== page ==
Those Who Are Worthy of Praise
1* With three things I am delighted,
for they are pleasing to the Lord and to human beings:
Harmony among relatives, friendship among neighbors,
and a wife and a husband living happily together.
2Three kinds of people I hate,
and I loathe their manner of life:
A proud pauper, a rich liar,
and a lecherous old fool.
3In your youth you did not gather.
How will you find anything in your old age?
4How appropriate is sound judgment in the gray-haired,
and good counsel in the elderly!
5How appropriate is wisdom in the aged,
understanding and counsel in the venerable!
6The crown of the elderly, wide experience;
their glory, the fear of the Lord.
7There are nine who come to mind as blessed,
a tenth whom my tongue proclaims:*
The man who finds joy in his children,
and the one who lives to see the downfall of his enemies.
8Happy the man who lives with a sensible woman,
and the one who does not plow with an ox and a donkey combined.*
Happy the one who does not sin with the tongue,
who does not serve an inferior.
9Happy the one who finds a friend,
who speaks to attentive ears.
10How great is the one who finds wisdom,
but none is greater than the one who fears the Lord.
11Fear of the Lord surpasses all else.
To whom can we compare the one who has it?†
Wicked and Virtuous Women*
13Any wound, but not a wound of the heart!
Any wickedness, but not the wickedness of a woman!
14Any suffering, but not suffering from one’s foes!
Any vengeance, but not the vengeance of one’s enemies!
15There is no poison worse than that of a serpent,
no venom greater than that of a woman.
16I would rather live with a dragon or a lion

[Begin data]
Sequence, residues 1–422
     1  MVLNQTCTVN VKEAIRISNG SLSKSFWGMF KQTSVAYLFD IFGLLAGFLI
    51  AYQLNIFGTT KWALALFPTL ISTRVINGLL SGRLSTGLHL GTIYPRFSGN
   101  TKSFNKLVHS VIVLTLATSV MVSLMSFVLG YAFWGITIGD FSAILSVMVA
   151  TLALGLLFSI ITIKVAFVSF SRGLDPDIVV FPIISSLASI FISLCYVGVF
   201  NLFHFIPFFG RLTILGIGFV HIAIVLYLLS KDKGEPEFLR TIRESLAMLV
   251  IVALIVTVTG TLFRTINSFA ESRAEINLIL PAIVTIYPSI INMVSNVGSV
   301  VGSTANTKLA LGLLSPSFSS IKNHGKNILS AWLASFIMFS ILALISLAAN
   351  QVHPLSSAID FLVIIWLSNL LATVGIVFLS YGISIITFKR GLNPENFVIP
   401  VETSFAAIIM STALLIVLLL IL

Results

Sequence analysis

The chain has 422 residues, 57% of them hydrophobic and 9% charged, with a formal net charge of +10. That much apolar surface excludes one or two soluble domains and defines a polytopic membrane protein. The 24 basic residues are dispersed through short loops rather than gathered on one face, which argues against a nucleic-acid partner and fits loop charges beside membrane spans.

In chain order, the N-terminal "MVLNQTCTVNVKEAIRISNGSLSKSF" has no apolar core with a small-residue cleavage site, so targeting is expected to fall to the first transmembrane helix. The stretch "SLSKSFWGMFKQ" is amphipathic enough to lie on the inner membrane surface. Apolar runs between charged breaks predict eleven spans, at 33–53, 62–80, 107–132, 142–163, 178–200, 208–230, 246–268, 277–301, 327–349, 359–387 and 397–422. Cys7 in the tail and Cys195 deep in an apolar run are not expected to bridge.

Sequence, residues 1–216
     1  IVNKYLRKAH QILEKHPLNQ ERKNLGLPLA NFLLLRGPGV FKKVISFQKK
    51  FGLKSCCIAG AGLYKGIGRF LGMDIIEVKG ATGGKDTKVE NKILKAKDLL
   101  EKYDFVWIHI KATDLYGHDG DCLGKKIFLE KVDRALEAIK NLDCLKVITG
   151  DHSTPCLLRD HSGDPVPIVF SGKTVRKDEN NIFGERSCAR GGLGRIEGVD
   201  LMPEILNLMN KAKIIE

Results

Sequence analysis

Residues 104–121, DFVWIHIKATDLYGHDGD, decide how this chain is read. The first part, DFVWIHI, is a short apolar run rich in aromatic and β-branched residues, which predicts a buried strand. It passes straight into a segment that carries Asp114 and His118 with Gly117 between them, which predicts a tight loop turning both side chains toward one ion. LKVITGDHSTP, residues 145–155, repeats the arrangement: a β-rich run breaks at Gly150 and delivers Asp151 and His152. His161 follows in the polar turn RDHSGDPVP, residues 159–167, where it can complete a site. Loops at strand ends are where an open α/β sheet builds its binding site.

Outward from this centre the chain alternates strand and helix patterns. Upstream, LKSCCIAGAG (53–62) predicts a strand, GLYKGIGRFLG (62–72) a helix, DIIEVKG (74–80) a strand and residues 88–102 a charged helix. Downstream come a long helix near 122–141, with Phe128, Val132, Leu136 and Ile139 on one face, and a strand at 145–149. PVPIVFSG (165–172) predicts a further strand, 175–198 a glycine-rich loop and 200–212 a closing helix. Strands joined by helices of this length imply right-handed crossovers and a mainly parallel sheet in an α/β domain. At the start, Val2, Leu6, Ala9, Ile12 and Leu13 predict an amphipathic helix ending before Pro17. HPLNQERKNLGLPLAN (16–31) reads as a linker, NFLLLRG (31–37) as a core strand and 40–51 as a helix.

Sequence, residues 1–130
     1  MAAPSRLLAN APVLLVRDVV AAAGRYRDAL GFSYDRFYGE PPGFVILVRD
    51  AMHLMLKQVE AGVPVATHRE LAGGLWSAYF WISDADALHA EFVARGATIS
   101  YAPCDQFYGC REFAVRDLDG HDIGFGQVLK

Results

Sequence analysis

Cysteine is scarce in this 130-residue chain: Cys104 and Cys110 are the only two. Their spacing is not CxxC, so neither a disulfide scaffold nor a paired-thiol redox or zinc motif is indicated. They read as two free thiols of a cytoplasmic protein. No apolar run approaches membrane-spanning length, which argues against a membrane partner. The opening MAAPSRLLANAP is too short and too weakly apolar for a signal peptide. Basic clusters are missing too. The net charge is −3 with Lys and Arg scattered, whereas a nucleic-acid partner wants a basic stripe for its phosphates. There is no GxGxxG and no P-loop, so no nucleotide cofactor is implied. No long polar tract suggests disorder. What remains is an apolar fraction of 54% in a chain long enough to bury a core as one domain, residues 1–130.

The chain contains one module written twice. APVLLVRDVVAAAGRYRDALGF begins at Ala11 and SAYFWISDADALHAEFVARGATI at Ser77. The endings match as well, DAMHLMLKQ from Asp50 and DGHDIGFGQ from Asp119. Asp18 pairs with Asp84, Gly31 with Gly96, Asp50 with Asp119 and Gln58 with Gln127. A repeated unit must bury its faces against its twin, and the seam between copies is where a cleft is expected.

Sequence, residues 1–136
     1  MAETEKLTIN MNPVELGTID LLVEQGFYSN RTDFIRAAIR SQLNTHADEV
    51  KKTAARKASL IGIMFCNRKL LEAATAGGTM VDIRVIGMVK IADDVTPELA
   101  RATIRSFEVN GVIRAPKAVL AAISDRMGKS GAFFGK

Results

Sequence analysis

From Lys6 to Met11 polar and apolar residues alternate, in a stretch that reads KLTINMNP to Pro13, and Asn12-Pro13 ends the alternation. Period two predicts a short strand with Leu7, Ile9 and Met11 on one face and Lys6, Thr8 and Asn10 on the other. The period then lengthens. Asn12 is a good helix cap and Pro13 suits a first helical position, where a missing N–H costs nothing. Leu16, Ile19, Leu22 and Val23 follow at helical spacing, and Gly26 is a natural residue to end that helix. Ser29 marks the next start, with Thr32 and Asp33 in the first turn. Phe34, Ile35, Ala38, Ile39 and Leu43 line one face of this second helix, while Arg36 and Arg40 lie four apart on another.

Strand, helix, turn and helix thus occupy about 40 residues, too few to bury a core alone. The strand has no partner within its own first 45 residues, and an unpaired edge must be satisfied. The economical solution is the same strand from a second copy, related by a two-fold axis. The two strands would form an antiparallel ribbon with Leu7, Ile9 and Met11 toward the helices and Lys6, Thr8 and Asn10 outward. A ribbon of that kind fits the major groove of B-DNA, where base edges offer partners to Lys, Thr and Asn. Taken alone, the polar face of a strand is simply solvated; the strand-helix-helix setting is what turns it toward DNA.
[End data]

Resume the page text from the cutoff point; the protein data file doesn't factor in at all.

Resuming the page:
than live with a wicked woman.a
17A woman’s wicked disposition changes her appearance,
and makes her face as dark as a bear.
18When her husband sits among his neighbors,
a bitter sigh escapes him unawares.
19There is hardly an evil like that in a woman;
may she fall to the lot of the sinner!
20Like a sandy hill to aged feet
is a garrulous wife to a quiet husband.
21Do not be enticed by a woman’s beauty,
or be greedy for her wealth.
22Harsh is the slavery and great the shame
when a wife supports her husband.
23Depressed mind, gloomy face,
and a wounded heart—a wicked woman.
Drooping hands and quaking knees,
any wife who does not make her husband happy.
24With a woman sin had a beginning,
and because of her we all die.*
25Allow water no outlet,
and no boldness of speech to a wicked woman.
26If she does not go along as you direct,
cut her away from you.
* [25:1–2] A numerical saying in threes.
* [25:7–11] A numerical proverb (9 + 1), in which the tenth element, “the one who fears the Lord,” is the most important.
* [25:8] An ox and a donkey combined: the reference is to a man married to two incompatible women (cf. 37:11a); the imagery derives from Dt 22:10.
† [25:11] Other ancient texts read as v. 12:
Fear of the Lord is the beginning of loving him,
and fidelity is the beginning of clinging to him.
* [25:13–26] The harsh statements Ben Sira makes about women reflect the kind of instruction young Jewish males were exposed to in the early second century B.C. His patriarchal perspective is as unfair as it is one-sided.
* [25:24] Ben Sira refers to the story of the first sin in Gn 3:1–6. Cf. 2 Cor 11:3 and 1 Tm 2:14. St. Paul, however, singles out Adam; cf. Rom 5:12–19; 1 Cor 15:22.